When war came to the Syrian town of Kobani, the widow Shamza Misto fled with six of her eight children across the border to Turkey and then to Greece. From there, she planned to cross through the Balkans to join her son and daughter in Germany.
But from the border town of Idomeni in Greece she watched with despair as the number of refugees allowed into the Former Yugoslav Republic of Macedonia from Greece dwindled, to 15 a day, to 10 and then none as northern countries sealed their frontiers against refugees. Shamza and her children, aged four to twenty, were suddenly, like 60,000 others, stuck in northern Greece, the ancient and modern gateway to continental Europe.
A city with a history of refugees and migrants
The northern city of Thessaloniki has received waves of refugees and migrants over centuries – Jews expelled from Spain in the 15th century and ethnic Greeks from Ottoman Turkey in the last century. It is in Thessaloniki where the Norwegian Refugee Council is now hunting for apartments for families like Shamza’s, part of a European Union-funded program to give stranded refugees a chance at regaining a normal life on their journey to somewhere else in Europe.
Shamza and her children lived in the makeshift camp of Idomeni – which at one point numbered as many as 14,000 people – before being moved to another camp. After 10 months in tents, they now live in an apartment in the Thessaloniki city center, a short distance from Egnatia street, named after the ancient Roman route that led to Europe.
Even though it is spartan, they have at least proper walls and bathrooms compared to shared showers on the sites. There is a kitchen, looking out on a park where old men sit and play backgammon. The balcony is just wide enough for Shamza and Amid, her son, to entertain visitors with coffee.
For the NRC, housing the most vulnerable among the refugees in apartments – like Shamza and her six children – is a priority. The plan is to move 2,100 people living in camps and hotels around Thessaloniki into apartments by the end of the year.
The project is funded by the European Commission until the end of July, with a budget of 1.8 million Euro.
A safe place to stay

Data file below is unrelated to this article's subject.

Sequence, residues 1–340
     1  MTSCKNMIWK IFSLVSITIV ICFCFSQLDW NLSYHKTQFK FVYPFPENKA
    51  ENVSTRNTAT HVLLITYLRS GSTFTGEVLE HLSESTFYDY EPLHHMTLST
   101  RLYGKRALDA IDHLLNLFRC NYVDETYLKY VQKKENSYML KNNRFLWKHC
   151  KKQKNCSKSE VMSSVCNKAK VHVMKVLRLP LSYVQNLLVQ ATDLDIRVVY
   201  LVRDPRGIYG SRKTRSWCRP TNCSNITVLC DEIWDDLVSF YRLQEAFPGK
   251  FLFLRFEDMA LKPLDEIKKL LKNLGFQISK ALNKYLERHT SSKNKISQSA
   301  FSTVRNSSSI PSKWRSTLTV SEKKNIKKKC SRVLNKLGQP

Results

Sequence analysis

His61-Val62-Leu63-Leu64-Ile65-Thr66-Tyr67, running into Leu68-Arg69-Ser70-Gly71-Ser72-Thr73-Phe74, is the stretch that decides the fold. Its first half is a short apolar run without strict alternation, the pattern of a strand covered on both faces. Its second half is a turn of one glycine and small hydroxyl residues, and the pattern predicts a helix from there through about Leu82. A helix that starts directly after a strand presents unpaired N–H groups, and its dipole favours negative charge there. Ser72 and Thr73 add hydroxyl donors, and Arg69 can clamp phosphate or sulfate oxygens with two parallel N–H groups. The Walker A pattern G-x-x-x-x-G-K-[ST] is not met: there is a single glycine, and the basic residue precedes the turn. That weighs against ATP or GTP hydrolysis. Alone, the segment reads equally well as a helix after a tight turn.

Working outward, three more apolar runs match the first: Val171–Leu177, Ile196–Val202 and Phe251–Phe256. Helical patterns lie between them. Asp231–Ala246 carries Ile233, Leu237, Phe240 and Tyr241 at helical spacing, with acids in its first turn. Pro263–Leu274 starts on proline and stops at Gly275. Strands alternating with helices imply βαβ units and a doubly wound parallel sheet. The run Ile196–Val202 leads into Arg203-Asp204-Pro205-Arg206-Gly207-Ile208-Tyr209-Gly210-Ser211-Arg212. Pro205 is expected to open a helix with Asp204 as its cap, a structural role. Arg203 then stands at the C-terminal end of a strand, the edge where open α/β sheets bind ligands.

Apartments give families and individuals a sense of privacy and safety after months of living among strangers in large communal sites, tents and warehouses. Apartments provide an environment where the refugees can start to re-adjust to normal community life – buying their own food, making their own meals. Children get a space to study.
Thalia Tzevrenzi, one of the Greek residents of the building, is grateful for the company. Shamza’s daughters have struck up a friendship with Thalia, 81, and go to her apartment to watch television even though the children speak no Greek and she speaks no Arabic. They scramble downstairs to help her with her groceries while Thalia maneuvers the stairs with her cane.
But as a child of Black Sea Greeks who fled Turkey at the beginning of the 20th century, Thalia frets about their fate.
“They should be in school,” she says. “They should be with other children, learning some Greek.”
In Thessaloniki, as well as on the island of Chios, NRC is providing informal education, addressing concerns such as those expressed by Thalia. So far, more than 700 refugee children and youth have had access to English and math lessons. A community drop-in centre, a space for refugees and migrants, is planned for Thessaloniki and non-formal education will be provided in the centre by NRC, alongside other activities.
“For many refugees, like Shamza’s family, long months of waiting in Greece for a reply to their asylum applications has now become a year,” said Country Director Gianmaria Pinto. “Their needs now are very different from the time when they could just transit through Greece. There is an urgent need to provide these families with proper accommodation and ensure their children can go to school, giving them a chance to regain a normal life.”